Msgr. McCloskey recalled how Father Borgognoni used the staging of Broadway shows to draw people of all ages away from idleness and consequent trouble and into projects that would teach as well as entertain. “Those rehearsals and performances were always preceded by and concluded with prayer and he would point out during the practice the life lessons that were implicit in the songs and plots,” said Msgr. McCloskey. “South Pacific and Showboat were chosen precisely because they spoke out against racial prejudice and fostered harmony of all segments of society.”
Msgr. McCloskey said that no phase of Msgr. Borgognoni’s life exhibited more strikingly the holding power of his love for God and for others than his long years of suffering from Parkinson’s Disease. Despite the debilitation he experienced, he continued to respond to the duties of his campus ministry at S.U. as long as he could. After a few years of assisted living, Msgr. Borgognoni lived until his death at James Square Health & Rehabilitation Center. During his frequent visits to Msgr. Borgognoni, Msgr. McCloskey observed that even though he was confused, Msgr. Borgognoni fully understood his illness and the consequences. He was sad but he accepted it. “He was offering his suffering with those of his crucified Lord for us as well as for his own salvation,” said Msgr. McCloskey.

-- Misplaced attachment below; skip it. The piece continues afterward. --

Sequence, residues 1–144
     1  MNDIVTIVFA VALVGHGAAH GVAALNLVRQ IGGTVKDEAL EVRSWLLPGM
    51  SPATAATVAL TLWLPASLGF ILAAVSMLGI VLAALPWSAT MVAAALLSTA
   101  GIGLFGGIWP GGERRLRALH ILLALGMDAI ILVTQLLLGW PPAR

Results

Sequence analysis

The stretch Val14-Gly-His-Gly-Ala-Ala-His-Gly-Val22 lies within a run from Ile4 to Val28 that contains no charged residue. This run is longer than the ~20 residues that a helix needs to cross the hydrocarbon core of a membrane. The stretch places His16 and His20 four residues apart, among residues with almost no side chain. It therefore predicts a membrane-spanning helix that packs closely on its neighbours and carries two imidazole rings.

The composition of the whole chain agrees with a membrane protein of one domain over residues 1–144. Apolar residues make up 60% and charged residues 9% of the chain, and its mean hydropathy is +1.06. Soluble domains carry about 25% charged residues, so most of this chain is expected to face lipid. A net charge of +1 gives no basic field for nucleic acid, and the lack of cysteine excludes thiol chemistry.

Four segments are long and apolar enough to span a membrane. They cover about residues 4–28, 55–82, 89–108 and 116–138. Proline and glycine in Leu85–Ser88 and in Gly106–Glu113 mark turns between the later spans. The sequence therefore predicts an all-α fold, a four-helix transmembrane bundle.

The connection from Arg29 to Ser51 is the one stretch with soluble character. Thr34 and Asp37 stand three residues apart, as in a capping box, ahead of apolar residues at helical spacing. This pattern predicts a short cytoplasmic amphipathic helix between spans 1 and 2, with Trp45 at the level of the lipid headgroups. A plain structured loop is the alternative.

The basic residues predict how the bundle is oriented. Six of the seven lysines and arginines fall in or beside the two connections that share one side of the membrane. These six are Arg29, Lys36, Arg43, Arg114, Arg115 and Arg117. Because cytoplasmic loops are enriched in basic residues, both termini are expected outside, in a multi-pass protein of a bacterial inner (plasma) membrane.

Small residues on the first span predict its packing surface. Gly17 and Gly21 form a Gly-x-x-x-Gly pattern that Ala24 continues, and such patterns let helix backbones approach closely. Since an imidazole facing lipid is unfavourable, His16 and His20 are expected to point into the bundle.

Before the close of the funeral Mass, Msgr. Borgognoni’s nephew, Charles A. Borgognoni shared his memories of his uncle with those in attendance. Borgognoni recited Robert Frost’s poem, “The Road Not Taken.” He recalled how, as a student studying at S.U., he visited his uncle’s office and noticed a clipping of the poem had been preserved under the glass top of his uncle’s desk. “I read it and thought about the line in the poem where the person takes the road that is less traveled and then about the choices that my uncle made and how he inspired people,” said Borgognoni. “The meaning of the poem is a beautiful affirmation of the humanness of Uncle Charlie. He took the road less traveled. It makes all the difference to you and me.”